(Editor’s note: This editorial is being reprinted from Nov. 23, 2005. Jack Ronald wrote it, imploring readers to be ”… enormously thankful simply to be alive, to have lived …” It seems appropriate this Thanksgiving, seven months after Jack’s death. We are enormously thankful simply that we had Jack in our lives. We hope this Thanksgiving that you take the time to appreciate those who mean so much in your lives and truly heed Jack’s advice.)

Where’s Charles Dickens when we need him?

The 19th century British author did a splendid job with “A Christmas Carol.”

But what 21st century America needs is “A Thanksgiving Carol.”

It wouldn’t star Scrooge, that old skinflint, but instead would feature an all-too-typical middle American with a profound sense of victimhood.

You know the sort of person we’re talking about, the kind who’s always moaning about how bad things are, who tends to blame everyone but himself for his shortcomings, who has finely tuned his sense of perpetual grievance.

Unlike Scrooge, who counted every farthing and could tell you exactly how much he was worth, this character doesn’t count much of anything. He’s much more interested in what he doesn’t have — and what his neighbors have — than his own blessings.

Instead of three ghosts, this fable could get by with one. Maybe it could take the shape of a pilgrim, or perhaps even a turkey.

Its charge would be to take this glass-half-empty character by the scruff of the neck, whisk him supernaturally to a place of greater perspective, and set him down to do some accounting.

Our Thanksgiving ghost would remind the unappreciative lout how lucky he is. Lucky to be living in this country, lucky that his home and his community have escaped the ravages of war.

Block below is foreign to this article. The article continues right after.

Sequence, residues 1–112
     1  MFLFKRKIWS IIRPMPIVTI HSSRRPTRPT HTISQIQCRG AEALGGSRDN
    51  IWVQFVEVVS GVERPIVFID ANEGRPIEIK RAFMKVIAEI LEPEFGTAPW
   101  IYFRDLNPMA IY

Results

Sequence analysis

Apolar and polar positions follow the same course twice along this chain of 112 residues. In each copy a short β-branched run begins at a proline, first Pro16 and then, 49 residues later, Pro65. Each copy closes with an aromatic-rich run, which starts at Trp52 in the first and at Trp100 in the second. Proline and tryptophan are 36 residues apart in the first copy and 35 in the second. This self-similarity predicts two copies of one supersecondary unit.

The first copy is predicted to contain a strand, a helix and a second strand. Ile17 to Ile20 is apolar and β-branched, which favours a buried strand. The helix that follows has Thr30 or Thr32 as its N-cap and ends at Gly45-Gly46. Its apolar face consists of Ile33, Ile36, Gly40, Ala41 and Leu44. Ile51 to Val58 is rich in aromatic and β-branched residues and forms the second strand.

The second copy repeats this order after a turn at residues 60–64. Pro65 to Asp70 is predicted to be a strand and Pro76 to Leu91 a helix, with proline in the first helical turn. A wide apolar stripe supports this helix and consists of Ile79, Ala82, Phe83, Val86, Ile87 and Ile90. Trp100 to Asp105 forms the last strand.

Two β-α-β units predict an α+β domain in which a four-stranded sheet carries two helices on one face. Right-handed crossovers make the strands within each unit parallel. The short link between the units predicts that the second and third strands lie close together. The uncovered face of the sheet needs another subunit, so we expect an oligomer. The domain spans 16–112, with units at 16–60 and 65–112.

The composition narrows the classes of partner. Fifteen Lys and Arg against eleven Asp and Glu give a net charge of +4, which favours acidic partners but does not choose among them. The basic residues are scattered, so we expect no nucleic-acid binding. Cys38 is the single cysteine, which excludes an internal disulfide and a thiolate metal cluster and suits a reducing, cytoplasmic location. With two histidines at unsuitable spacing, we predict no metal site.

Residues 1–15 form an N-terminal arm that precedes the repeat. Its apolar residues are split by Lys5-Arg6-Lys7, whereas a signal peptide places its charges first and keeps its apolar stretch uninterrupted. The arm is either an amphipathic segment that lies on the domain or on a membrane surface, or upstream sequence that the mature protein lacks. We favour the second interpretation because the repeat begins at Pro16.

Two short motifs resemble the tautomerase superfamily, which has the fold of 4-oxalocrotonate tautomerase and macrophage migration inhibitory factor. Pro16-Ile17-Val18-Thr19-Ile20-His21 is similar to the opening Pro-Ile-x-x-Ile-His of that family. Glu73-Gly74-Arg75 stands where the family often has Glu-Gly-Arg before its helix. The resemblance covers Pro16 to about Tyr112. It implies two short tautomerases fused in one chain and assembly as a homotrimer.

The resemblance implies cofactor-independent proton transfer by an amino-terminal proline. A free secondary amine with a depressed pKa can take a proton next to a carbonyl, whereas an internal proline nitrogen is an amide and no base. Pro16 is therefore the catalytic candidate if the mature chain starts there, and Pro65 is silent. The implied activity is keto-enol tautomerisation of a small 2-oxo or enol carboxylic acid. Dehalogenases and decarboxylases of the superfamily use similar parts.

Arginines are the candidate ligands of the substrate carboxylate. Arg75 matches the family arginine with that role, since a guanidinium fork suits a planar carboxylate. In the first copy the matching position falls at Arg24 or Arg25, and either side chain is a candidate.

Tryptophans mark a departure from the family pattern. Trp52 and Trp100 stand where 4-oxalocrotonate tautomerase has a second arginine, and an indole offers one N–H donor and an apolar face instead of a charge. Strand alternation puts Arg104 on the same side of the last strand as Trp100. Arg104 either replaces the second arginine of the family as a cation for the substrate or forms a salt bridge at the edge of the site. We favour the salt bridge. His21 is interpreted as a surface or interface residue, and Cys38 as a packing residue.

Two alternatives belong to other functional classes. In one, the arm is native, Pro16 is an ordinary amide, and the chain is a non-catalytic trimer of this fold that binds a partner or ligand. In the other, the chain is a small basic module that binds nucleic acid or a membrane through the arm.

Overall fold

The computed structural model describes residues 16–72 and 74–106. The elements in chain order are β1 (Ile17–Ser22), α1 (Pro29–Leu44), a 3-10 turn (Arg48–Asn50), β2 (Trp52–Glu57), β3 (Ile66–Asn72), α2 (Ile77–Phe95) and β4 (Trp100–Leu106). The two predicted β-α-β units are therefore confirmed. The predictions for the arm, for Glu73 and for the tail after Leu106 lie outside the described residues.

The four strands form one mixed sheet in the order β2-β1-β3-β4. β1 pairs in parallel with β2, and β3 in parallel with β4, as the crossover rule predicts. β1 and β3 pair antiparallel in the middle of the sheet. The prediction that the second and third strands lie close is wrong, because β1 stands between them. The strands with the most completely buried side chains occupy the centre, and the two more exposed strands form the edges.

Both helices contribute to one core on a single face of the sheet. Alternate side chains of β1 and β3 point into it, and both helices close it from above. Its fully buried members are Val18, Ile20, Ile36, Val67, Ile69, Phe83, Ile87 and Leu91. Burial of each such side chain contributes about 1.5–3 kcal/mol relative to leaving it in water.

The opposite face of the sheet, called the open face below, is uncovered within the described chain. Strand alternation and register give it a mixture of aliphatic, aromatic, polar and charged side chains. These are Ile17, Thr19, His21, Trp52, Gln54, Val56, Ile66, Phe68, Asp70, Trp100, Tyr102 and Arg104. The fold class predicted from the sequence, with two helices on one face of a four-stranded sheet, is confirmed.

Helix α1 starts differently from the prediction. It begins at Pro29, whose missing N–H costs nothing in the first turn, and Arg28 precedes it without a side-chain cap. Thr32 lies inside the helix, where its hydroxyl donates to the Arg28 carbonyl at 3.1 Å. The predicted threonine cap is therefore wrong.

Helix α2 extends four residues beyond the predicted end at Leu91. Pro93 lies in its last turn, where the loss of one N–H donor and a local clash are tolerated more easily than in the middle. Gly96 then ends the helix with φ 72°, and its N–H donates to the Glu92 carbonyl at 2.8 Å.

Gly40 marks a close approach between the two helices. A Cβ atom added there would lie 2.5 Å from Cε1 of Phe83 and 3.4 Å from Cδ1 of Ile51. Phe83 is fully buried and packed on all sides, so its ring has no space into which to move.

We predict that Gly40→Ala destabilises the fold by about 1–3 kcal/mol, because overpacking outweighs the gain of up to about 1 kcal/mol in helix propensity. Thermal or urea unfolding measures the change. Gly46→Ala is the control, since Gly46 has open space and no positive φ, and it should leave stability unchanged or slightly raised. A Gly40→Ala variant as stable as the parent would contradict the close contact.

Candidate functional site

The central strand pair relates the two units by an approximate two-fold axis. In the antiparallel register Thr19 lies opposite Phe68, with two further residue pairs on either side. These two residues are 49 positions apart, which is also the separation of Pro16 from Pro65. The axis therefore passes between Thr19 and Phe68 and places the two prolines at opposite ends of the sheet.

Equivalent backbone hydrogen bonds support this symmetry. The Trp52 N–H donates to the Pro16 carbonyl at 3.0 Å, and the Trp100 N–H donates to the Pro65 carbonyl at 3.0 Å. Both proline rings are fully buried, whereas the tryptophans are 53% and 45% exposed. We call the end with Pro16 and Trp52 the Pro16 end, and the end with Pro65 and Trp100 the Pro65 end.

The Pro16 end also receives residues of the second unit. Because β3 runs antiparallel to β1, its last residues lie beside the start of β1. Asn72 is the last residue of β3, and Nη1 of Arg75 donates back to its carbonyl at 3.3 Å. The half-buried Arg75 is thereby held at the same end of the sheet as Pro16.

The ghost would point out to him the famine, the brutality, and the pestilence endured by huge chunks of humanity each day.

The ghost would talk to him about freedom, his ability to speak his mind, express his opinions, and even sound off about his gripes.

The ghost could talk to him about creativity, the marvels of the human mind.

Zooming out into space, the Thanksgiving ghost could point to the blackness of dead and inhospitable planets, dying stars, and mysteries beyond comprehension.

Then the Thanksgiving ghost could gesture at earth and its infinite bounty and rich tapestry of nature.

If that doesn’t make you feel blessed, the Thanksgiving ghost would say, if that doesn’t make you enormously thankful simply to be alive, to have lived, then you are beyond the help Thanksgiving Day can offer.

In our version, with all apologies to Dickens, the ungrateful lout would wake up tomorrow morning a new person, who has added to his blessings a new sense of perspective and appreciation for all that we so shamelessly take for granted .

Enjoy each day. — J.R.